Left–right body axis determination37,38 starts as early as the first cell division after fertilisation and asymmetrical protein expression is consistently present from the single cell zygote throughout development. Co-ordination of sidedness continues with specified proteins (Nodal and Lefty) being more strongly expressed on the left side which co-ordinates proper position of the heart and other internal organs. Protein variances have been identified in left and right sides of the human brain.39 Curiously, insects exhibit brain lateralisation with hundreds of genes differentially expressed on left versus right sides of bee brains.40 Additionally, paired organs, such as left and right breast tissue41 and muscle myotomes42 have been identified to have left–right protein differences.

From a clinical perspective, pseudoexfoliation syndrome demonstrates clinically visible differential protein production in left versus right eye. Pseudoexfoliation syndrome is a common ocular disease strongly associated with glaucoma. A genetic defect in the enzyme LOXL143 leads to defective elastin cross-linkage causing elastin debris to be released into the anterior chamber of the eye, where it settles onto the lens surface. With iris movement, the deposits are pushed like a snowplough, forming a layered ring appearance at slit lamp exam. It is fascinating that, like HLA-B27 uveitis, there is almost always left–right asymmetry. In some patients, the debris is robust in one eye and barely noticeable in the other. It is not known what causes this asymmetry.

A study of 23 post-mortem anterior optic nerve specimens found differences in neurofilament protein expression in each sector, plus surprisingly a consistently higher neurofilament expression in the right optic nerve compared to the left.44 Jonas et al.45 found that in 72 normal post-mortem eyes, the number of ganglion nerve fibres ranged from 777,000–1,679,000. When comparing right versus left eyes from the same donor, differences of >300,000 ganglion nerve fibres between left and right eyes were present in 19% of subjects.

An intriguing study of patterns of X-linked inactivation46 showed that the mosaic pattern generated was individual-specific, but there were select regions, such as the tongue, where essentially all one side of the tongue expressed the paternal X chromosome, while the opposite side expressed the maternal X chromosome. Hence, a single epigenomic event can induce left–right protein expression difference.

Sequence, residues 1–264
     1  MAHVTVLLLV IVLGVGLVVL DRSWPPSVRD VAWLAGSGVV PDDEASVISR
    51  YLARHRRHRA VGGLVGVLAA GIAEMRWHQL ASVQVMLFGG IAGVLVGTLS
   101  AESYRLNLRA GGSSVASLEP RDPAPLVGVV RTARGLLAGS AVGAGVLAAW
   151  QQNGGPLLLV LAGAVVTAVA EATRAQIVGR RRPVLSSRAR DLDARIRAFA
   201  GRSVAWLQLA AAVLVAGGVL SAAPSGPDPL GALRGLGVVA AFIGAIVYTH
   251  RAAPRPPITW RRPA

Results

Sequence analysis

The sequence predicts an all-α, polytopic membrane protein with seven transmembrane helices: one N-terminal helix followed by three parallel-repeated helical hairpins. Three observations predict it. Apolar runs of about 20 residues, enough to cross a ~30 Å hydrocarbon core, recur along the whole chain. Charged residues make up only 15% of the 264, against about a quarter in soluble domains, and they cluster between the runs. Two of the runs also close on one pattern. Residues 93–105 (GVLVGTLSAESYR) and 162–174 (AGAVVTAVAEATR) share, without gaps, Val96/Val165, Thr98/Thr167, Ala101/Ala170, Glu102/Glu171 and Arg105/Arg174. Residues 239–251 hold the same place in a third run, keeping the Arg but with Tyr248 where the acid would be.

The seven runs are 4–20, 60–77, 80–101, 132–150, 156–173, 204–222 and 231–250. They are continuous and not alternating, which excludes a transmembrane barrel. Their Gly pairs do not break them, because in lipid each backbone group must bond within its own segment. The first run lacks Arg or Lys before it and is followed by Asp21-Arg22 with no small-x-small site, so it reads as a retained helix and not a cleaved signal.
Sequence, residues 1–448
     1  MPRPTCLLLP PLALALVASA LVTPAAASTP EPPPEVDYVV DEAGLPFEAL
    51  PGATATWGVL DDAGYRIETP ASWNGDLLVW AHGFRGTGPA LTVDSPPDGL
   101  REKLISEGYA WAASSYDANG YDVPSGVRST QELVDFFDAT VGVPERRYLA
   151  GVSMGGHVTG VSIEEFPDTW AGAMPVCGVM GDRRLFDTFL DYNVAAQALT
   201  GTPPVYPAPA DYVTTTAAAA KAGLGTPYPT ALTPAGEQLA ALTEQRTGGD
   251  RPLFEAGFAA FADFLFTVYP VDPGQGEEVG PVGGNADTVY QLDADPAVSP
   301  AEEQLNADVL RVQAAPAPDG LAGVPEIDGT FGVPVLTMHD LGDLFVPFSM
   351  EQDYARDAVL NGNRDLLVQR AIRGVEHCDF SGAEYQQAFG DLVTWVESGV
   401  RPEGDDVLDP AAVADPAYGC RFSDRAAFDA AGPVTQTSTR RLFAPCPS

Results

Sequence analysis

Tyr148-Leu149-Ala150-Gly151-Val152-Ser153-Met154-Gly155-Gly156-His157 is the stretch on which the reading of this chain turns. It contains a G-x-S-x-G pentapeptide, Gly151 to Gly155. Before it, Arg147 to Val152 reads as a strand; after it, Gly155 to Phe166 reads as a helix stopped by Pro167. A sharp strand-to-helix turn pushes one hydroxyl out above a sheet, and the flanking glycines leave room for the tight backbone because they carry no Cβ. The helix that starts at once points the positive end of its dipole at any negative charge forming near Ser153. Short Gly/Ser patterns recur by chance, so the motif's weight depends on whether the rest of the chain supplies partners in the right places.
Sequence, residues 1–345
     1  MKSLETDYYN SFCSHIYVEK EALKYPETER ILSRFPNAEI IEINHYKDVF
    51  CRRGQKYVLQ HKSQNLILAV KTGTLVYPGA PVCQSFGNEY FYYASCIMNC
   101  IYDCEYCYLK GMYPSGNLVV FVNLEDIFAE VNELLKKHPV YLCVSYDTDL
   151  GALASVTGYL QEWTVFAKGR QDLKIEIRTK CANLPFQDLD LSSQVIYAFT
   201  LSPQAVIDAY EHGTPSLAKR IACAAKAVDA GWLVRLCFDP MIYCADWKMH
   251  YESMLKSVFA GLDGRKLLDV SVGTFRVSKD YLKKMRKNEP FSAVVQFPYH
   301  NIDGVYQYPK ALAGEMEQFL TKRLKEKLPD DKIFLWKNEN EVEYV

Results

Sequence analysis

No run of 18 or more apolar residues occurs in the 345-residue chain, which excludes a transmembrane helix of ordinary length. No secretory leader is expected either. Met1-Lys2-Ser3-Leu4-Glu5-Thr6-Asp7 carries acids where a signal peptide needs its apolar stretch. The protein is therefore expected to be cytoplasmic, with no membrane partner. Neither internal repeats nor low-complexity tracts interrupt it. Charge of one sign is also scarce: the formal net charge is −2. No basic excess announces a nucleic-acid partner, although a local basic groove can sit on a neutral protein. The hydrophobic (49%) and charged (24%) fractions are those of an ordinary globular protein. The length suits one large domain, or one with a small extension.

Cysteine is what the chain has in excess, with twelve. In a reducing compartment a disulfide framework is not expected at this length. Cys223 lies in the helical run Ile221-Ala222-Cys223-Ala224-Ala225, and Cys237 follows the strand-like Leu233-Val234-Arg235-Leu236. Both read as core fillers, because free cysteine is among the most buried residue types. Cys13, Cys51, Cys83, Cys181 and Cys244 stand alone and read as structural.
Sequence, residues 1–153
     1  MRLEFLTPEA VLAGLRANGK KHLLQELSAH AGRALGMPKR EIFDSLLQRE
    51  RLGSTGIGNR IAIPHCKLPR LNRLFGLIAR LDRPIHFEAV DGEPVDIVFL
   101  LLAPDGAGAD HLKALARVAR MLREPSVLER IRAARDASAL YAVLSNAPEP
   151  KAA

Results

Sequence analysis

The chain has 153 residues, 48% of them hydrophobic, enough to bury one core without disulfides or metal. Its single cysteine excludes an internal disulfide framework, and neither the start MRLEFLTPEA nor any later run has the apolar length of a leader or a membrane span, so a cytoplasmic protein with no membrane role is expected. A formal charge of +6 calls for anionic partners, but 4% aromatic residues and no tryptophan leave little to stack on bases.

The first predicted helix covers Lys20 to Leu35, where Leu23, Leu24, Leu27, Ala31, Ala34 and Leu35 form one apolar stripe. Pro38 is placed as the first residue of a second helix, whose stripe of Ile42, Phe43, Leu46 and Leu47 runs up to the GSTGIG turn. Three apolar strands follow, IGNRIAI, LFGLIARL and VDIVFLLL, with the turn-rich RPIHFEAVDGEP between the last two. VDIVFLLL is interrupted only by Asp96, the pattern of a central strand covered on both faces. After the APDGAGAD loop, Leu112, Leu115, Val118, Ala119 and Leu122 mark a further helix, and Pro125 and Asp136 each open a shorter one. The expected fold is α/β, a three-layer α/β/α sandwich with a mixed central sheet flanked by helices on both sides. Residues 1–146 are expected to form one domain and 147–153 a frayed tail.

Although somatic mutations are well known to cause cancer, somatic mutations can arise de novo developmentally and the mutation may be restricted to specific tissue. Mutations have been identified in several genes that are associated with enlargement of one hemisphere of the brain that manifest with epilepsy.47 These mutations are only evident in tissue samples, not in blood. Patients can show dysfunction of essentially an entire half of their cerebral cortex, while only 8–35% of the brain cells carry the mutation. Similarly, somatic mutation has been found to be the cause for Sturge–Weber syndrome, a condition that presents unilaterally with a capillary malformation that follows the distribution of the ophthalmic branch of the trigeminal nerve.48 Single cell tissue genomics assessing for tissue somatic mutations is relatively new and, to date, tissue somatic mutations have been correlated with diseases associated with structural defects that are often present at birth. However, somatic mutation rates throughout our bodies are incredibly high49 and it is conceivable that the cell progeny of a somatic uveal mutation could be perceived as aberrant during routine immune surveillance, with the consequence of uveitis being triggered. Curiously, polymorphisms have recently been associated with volumetric differences in select paired right versus left brain regions.50,51 This may suggest single nucleotide polymorphisms as a mechanism for generating laterality variance.